The aryl hydrocarbon receptor (AhR) mediates the induction of a variety of xenobiotic metabolism genes. Activation of the AhR occurs through binding to a group of structurally diverse compounds, most notably dioxins, which are exogenous ligands. Isoflavones are part of a family which include some well characterised endogenous AhR ligands. This paper analysed a novel family of these compounds, based on the structure of 2-amino-isoflavone. Initially two luciferase-based cell models, mouse H1L6.1c2 and human HG2L6.1c3, were used to identify whether the compounds had AhR agonistic and/or antagonistic properties. This analysis showed that some of the compounds were weak agonists in mouse and antagonists in human. Further analysis of two of the compounds, Chr-13 and Chr-19, was conducted using quantitative real-time PCR in rat H4IIE and human MCF-7 cells. The results indicated that Chr-13 was an agonist in rat but an antagonist in human cells. Chr-19 was shown to be an agonist in rat but more interestingly, a partial agonist in human. Luciferase induction results not only revealed that subtle differences in the structure of the compound could produce species-specific differences in response but also dictated the ability of the compound to be an AhR agonist or antagonist. Substituted 2-amino-isoflavones represent a novel group of AhR ligands that must differentially interact with the AhR ligand binding domain to produce their species-specific agonist or antagonist activity and future ligand binding analysis and docking studies with these compounds may provide insights into the differential mechanisms of action of structurally similar compounds.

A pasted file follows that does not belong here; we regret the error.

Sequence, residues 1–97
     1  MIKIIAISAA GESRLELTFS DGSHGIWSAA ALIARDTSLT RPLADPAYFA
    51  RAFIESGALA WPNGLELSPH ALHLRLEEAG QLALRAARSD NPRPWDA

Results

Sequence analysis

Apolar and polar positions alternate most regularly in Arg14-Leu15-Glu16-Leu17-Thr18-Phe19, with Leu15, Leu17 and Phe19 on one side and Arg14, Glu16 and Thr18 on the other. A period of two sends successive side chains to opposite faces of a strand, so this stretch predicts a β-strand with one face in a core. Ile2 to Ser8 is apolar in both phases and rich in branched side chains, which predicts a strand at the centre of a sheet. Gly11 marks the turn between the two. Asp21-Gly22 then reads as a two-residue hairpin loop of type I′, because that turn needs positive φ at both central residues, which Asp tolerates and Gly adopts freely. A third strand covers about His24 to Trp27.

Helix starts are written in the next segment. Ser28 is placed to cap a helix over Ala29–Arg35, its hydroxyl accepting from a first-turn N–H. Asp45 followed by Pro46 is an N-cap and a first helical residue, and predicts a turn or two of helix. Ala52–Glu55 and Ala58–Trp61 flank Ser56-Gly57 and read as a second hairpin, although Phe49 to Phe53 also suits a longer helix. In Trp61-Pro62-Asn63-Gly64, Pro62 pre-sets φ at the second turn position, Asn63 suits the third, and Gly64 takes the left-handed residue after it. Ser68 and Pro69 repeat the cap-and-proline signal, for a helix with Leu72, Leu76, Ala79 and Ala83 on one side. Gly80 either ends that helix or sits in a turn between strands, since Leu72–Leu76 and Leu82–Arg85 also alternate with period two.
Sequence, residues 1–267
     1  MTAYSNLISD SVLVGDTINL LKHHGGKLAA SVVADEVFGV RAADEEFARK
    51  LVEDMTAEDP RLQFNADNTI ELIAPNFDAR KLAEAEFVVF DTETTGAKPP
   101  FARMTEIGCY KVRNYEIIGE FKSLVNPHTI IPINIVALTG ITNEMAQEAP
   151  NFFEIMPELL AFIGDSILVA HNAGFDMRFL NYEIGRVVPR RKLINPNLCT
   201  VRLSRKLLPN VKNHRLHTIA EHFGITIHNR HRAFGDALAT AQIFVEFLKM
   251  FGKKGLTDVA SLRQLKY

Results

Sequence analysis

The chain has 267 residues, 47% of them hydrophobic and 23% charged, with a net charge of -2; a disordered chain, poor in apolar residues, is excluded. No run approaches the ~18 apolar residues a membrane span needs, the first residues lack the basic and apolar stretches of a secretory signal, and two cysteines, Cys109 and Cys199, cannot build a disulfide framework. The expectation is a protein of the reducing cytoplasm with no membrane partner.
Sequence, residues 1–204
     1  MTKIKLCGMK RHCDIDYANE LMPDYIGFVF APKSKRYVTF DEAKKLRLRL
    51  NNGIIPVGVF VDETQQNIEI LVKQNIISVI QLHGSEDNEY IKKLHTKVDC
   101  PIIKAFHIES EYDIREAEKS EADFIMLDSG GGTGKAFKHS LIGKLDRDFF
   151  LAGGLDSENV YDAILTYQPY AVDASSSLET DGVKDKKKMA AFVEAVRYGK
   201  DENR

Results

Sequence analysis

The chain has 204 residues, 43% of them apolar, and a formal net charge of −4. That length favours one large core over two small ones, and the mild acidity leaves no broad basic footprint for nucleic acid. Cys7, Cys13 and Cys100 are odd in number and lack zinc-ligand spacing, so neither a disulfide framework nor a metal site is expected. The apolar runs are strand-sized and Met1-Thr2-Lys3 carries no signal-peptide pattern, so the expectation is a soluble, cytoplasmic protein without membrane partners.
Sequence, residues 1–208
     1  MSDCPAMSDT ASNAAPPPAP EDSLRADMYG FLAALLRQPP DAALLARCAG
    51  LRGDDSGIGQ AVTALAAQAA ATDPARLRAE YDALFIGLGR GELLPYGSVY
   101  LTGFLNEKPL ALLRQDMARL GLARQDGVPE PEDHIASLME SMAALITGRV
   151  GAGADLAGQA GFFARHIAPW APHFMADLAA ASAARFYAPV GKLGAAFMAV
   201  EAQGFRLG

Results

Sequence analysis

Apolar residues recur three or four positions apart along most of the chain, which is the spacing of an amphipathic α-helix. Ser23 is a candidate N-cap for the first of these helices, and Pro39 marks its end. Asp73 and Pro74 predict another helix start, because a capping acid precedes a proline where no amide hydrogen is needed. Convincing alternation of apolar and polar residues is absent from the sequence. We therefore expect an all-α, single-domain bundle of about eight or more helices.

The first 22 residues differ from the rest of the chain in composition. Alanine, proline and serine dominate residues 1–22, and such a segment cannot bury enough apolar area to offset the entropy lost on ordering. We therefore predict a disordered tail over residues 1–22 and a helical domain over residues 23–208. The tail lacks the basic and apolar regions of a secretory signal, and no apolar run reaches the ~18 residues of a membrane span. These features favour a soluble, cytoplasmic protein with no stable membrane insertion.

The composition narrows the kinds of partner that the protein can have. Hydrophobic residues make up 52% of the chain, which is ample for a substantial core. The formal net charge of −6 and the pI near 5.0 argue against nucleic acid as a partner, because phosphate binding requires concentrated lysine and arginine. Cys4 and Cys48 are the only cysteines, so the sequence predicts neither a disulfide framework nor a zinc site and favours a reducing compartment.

- Aryl hydrocarbon receptor (AhR)
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